“Russiagate is an outgrowth of War on Terror’s failure to maintain popular support.”
Einstein’s FBI file uncovers the enormous scope of repression experienced not only by Einstein but also a range of political activists and organizations of the period. In fact, much of the file contains fabrications and exaggerations related to Einstein’s activities with what Hoover and the FBI considered “communist front groups.” Some of these groups included the Board of Guardians of Basque Children, formed during the Spanish war against fascism, and the American Crusade to End Lynching, inspired by Paul Robeson in 1946. Einstein’s file proves that for decades leading up to the official “Red Scare” of the 1950s, the FBI kept tabs on Einstein and others affiliated with socialist, anti-racist, and anti-fascist organizations. More than this, progressive and radical activists were often direct targets of laws such as Truman’s “loyalty oath” for federal employees or the Taft-Hartley Act of 1947. These laws required public sector workers and union members to denounce any affiliation with the Communist Party.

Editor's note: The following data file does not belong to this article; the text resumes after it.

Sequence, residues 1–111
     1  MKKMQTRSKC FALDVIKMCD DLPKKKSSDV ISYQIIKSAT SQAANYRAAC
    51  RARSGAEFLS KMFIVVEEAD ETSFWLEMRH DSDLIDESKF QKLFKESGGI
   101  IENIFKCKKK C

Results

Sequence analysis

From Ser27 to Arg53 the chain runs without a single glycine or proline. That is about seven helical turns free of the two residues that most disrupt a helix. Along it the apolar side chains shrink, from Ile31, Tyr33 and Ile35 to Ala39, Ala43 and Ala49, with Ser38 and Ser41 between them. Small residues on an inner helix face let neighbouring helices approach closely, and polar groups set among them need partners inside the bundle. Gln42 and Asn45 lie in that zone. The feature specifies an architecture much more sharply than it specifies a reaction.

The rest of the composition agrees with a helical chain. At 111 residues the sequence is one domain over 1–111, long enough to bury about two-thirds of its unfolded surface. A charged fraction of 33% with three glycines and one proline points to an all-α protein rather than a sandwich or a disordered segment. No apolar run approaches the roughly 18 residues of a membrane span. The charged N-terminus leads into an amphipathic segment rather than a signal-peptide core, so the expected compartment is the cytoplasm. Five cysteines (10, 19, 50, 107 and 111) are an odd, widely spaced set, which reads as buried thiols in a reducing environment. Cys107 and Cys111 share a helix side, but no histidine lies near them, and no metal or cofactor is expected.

The Einstein File beautifully recovers this history from the grips of an establishment narrative that has all but erased it from popular memory. Too many Americans remember the first half of the 20th century as a “rags to riches” story of recovery from the ruins of the Great Depression and the Second World War. By 1946, the US had become the dominant capitalist economy and military power in the world. The standard of living for millions of US, mainly white workers, were raised by the fruits of a war economy and a wave of domestic labor insurgency. Yet the FBI’s file on Einstein details his deep commitment to social justice throughout the so called “Golden Age” of US capitalism. We learn from the FBI that Einstein spoke out in opposition to racism, whether through his speeches at the historically Black Lincoln University or his organizing against the lynching of Black Americans. We also learn that Einstein was a tireless advocate for peace who never hesitated to fight Nazism and militarism wherever they arose.
“For decades the FBI kept tabs on Einstein and others affiliated with socialist, anti-racist, and anti-fascist organizations.”